1) Origins. The owner of what was once the largest field in the valley enacting an 'Agrarian Nepo Public License,' (ANPL) that allowed the town's citizenry the freedom to plant crops in his fields and to consume whatever they needed from their own plots based on some simple conditions:
- a) The New Millennium Utopians wishing to benefit from his kindness must first sign the Agrarian Nepo Public License, which allows for use and distribution of crops at the owner's discretion.
b) The field owner himself decided what crops would be planted during any given season.
c) Any participant in this program would have access to consume all crops from other plot owners on his land free of charge.
“From what we have been able to tell by studying the carbon laser dating, this societal origination took place roughly 800 years ago in the 1990s,” said Shankman. “While this set of social guidelines seems foreign to us today, it was even more unusual to suggest a communal system in what was, at the time, an apparently capitalistic society.”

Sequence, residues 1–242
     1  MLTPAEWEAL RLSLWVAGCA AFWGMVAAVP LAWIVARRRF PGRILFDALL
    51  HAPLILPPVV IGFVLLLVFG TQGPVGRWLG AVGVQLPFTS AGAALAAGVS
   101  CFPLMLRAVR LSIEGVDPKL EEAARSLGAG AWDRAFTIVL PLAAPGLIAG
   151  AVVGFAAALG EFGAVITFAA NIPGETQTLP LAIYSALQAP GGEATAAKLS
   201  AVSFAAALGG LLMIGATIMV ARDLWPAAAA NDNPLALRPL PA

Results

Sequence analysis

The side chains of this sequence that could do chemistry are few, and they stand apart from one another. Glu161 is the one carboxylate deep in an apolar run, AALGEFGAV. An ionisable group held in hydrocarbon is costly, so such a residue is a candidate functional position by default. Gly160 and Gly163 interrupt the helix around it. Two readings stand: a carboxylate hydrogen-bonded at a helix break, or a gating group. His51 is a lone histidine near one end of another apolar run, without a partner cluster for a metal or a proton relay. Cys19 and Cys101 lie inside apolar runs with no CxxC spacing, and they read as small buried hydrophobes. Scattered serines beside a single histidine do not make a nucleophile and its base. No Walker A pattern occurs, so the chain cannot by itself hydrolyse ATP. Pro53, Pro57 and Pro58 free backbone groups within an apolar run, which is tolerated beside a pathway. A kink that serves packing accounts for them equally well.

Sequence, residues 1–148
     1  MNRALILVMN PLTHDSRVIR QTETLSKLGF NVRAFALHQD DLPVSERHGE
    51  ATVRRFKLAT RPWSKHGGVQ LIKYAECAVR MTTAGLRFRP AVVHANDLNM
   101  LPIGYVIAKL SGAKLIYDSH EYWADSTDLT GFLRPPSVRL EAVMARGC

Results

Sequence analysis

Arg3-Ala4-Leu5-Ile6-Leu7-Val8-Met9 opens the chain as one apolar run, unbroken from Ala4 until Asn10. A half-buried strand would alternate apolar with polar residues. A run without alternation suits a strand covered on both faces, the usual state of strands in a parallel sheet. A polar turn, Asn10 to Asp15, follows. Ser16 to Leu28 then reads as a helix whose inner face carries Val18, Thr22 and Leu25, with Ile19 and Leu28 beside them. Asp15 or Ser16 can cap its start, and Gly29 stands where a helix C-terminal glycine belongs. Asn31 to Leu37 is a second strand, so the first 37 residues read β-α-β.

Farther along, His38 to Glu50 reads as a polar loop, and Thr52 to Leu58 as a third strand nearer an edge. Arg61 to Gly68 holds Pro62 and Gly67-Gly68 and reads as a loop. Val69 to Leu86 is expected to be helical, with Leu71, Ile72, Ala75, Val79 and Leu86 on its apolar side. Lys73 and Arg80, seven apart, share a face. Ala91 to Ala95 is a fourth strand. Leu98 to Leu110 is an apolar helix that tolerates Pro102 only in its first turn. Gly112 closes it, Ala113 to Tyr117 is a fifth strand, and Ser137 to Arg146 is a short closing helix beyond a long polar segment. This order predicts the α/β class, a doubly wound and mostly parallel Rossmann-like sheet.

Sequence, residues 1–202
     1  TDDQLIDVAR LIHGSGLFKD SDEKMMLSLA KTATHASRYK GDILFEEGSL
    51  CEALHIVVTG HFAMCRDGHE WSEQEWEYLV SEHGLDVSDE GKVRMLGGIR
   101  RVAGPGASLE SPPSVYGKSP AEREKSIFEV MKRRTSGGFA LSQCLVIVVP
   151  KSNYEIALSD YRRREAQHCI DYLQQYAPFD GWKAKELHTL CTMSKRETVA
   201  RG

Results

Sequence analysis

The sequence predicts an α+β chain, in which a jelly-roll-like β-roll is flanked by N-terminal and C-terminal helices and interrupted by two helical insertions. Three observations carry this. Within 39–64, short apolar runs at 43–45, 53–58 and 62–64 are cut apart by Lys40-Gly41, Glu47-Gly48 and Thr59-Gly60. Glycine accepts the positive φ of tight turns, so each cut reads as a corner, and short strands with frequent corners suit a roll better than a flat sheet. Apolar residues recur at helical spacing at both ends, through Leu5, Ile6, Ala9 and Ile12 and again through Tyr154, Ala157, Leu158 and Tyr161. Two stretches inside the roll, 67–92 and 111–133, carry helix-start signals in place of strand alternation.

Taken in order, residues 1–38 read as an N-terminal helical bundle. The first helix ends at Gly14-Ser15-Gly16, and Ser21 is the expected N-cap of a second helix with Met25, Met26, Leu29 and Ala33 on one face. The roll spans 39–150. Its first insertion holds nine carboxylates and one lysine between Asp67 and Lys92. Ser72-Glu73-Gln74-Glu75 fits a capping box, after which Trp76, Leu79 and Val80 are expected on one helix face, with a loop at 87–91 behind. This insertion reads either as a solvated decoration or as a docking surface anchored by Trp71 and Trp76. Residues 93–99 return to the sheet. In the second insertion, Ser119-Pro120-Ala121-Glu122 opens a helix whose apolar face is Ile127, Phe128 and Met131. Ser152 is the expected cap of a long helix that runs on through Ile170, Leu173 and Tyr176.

2) Growth. Further records indicate that the land owner, shortly after the enactment of the license, struck a deal with an external distributor for taking care of the logistics and operation costs (including seeds, fertilizers, equipment, etc.) of the micro-fields in exchange for allowing the distributer to sell or barter excess production in the open market. Soon, all excess food was delivered to the distributor in exchange for how easy he made the field work.